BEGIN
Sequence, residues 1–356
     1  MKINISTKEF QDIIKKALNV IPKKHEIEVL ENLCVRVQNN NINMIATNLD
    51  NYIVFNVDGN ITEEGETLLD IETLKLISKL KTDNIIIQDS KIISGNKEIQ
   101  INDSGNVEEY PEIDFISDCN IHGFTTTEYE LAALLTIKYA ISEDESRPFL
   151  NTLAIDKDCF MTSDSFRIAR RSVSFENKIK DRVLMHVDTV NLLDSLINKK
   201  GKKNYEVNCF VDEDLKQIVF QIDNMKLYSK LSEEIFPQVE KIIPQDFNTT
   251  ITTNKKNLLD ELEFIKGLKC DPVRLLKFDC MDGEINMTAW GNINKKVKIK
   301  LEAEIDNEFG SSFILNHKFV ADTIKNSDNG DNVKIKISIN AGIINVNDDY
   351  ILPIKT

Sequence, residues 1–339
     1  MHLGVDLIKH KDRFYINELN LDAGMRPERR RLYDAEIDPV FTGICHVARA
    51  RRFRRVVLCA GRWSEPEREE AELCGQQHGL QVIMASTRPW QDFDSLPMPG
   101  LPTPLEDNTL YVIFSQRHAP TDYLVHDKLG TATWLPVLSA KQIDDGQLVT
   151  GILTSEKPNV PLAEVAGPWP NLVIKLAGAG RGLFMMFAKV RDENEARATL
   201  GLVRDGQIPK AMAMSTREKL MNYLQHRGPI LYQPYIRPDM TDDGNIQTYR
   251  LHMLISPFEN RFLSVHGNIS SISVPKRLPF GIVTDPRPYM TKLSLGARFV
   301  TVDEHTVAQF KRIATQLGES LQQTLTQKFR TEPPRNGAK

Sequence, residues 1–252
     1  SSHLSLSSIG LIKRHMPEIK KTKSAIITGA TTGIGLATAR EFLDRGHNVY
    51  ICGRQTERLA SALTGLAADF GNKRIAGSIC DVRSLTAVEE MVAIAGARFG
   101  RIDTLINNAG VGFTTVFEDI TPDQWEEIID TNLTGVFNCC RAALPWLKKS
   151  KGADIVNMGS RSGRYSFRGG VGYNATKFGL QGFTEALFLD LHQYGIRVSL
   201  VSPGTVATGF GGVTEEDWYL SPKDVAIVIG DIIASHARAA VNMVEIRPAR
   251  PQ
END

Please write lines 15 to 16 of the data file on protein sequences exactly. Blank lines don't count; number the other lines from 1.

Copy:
   201  GLVRDGQIPK AMAMSTREKL MNYLQHRGPI LYQPYIRPDM TDDGNIQTYR
   251  LHMLISPFEN RFLSVHGNIS SISVPKRLPF GIVTDPRPYM TKLSLGARFV